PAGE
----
There's also a boss meeple that walks through the departments. When it's her turn, she'll audit the department she's in. If you choose the 'nice' mood, she'll reward the player(s) with the highest training level and that meet the department's standards by awarding points equal to their saved shifts. In 'harsh' mood the reverse is true: the player(s) with the lowest training level and that don't meet the standards loose points also based on their saved shifts (but the more shifts you have, the less points it costs). After the audit, the boss performs its own action in the department (e.g. clearing resource cubes in the Logistics department).

In addition, the game provides two types of intermediate scoring that are triggered at least twice and at most three times. One is the end of week scoring that relies on the combination of the cars you claimed and the tested designs you (or other players) possess. The other is the board meeting where each player has the chance to score a specific goal that was set for that period. 4 of these goals are public and known at the start, but each player also has 3 goals in hand of which he must choose one to reveal. Most goals can be scored by multiple players, but with diminishing return. Note that each goal you score costs one seat (obtained as bonus from actions or progress), so again choices will have to be made (order of scoring, saving seats for later).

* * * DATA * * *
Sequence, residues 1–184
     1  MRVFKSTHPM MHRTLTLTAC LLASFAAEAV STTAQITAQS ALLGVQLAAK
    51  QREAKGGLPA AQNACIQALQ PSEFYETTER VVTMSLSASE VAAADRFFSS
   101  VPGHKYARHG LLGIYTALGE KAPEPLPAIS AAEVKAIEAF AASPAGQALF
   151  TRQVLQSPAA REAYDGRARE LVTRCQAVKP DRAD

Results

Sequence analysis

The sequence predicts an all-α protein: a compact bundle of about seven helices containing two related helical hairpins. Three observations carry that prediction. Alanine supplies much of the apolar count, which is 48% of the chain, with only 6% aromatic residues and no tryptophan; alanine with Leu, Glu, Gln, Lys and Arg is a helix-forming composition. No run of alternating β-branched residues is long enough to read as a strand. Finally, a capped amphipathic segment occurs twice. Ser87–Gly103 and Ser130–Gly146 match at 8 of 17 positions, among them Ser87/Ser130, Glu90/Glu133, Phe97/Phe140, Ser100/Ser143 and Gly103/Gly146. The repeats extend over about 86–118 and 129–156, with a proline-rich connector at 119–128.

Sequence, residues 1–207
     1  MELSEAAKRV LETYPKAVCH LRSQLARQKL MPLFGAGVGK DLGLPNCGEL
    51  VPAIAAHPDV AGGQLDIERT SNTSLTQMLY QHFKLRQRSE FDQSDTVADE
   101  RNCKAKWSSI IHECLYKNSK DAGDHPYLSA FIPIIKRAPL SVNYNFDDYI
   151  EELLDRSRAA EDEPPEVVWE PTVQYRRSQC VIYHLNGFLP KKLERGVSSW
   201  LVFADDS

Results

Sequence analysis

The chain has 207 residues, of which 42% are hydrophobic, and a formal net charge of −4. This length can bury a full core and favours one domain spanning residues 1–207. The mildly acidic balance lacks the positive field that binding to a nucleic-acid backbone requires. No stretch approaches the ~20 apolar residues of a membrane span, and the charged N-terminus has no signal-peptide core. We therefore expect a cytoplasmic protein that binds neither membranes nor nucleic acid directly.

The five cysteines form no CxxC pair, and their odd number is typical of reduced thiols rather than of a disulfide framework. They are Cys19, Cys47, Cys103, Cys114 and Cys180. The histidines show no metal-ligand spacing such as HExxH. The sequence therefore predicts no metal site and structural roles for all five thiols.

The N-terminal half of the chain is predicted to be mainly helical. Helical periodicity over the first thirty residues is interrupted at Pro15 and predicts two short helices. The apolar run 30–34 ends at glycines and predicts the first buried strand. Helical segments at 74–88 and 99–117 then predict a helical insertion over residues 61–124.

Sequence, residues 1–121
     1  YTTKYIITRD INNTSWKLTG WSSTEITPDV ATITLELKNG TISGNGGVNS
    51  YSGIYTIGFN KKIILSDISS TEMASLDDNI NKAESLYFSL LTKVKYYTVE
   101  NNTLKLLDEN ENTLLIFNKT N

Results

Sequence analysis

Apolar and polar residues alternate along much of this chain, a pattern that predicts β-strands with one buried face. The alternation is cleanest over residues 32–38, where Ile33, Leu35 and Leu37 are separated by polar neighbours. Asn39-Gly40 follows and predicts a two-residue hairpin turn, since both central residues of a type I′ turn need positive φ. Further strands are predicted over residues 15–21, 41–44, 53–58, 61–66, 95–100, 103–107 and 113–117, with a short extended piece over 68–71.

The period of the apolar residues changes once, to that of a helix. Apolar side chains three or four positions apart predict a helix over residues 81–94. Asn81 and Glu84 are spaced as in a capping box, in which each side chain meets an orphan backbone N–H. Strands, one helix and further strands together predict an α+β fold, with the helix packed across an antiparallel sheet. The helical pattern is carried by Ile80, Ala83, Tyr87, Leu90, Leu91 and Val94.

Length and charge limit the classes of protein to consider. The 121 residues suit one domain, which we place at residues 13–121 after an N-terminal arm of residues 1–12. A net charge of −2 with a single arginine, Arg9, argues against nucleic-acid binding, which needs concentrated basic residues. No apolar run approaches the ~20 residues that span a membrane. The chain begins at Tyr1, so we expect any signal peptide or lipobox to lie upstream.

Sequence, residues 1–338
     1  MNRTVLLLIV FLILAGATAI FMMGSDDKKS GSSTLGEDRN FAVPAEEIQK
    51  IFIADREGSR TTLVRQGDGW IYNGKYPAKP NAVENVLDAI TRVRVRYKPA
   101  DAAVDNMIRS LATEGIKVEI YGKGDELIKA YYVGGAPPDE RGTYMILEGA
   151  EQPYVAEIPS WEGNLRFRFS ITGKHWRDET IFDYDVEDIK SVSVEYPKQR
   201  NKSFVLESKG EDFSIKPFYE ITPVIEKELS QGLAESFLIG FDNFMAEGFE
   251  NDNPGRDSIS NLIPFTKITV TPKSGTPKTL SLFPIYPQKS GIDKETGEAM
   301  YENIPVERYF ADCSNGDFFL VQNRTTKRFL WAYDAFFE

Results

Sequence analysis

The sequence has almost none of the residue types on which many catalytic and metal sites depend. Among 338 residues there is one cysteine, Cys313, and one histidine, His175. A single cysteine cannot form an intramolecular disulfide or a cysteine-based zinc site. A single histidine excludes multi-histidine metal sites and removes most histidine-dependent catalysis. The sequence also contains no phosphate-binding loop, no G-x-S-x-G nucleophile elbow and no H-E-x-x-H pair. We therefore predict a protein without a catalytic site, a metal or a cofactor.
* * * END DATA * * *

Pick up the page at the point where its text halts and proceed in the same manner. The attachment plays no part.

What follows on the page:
At the end of the game there is also a final scoring involving final goals, unused resources, car values, car part values for your upgraded designs and position on the training tracks.
So, how does it play? Well, I played two games: one 2 player game in 'nice' mood to learn the basics (so not really competitive) and one 4 player game in 'harsh' mood with experienced players (in similar games that is).
The feel was definitely quite different. In the 2 player game there was hardly any conflict: there was always a spot available with maximum shifts, it was simply a matter of synchronizing the game flows. Of course there was an occasional steal of opportunities, but nothing severe to mess up your plans. The 4 player game on the other hand was a constant struggle for position, adapting to missed chances and making the most of fewer shifts. The HR department (with its wildcard actions) was very popular here.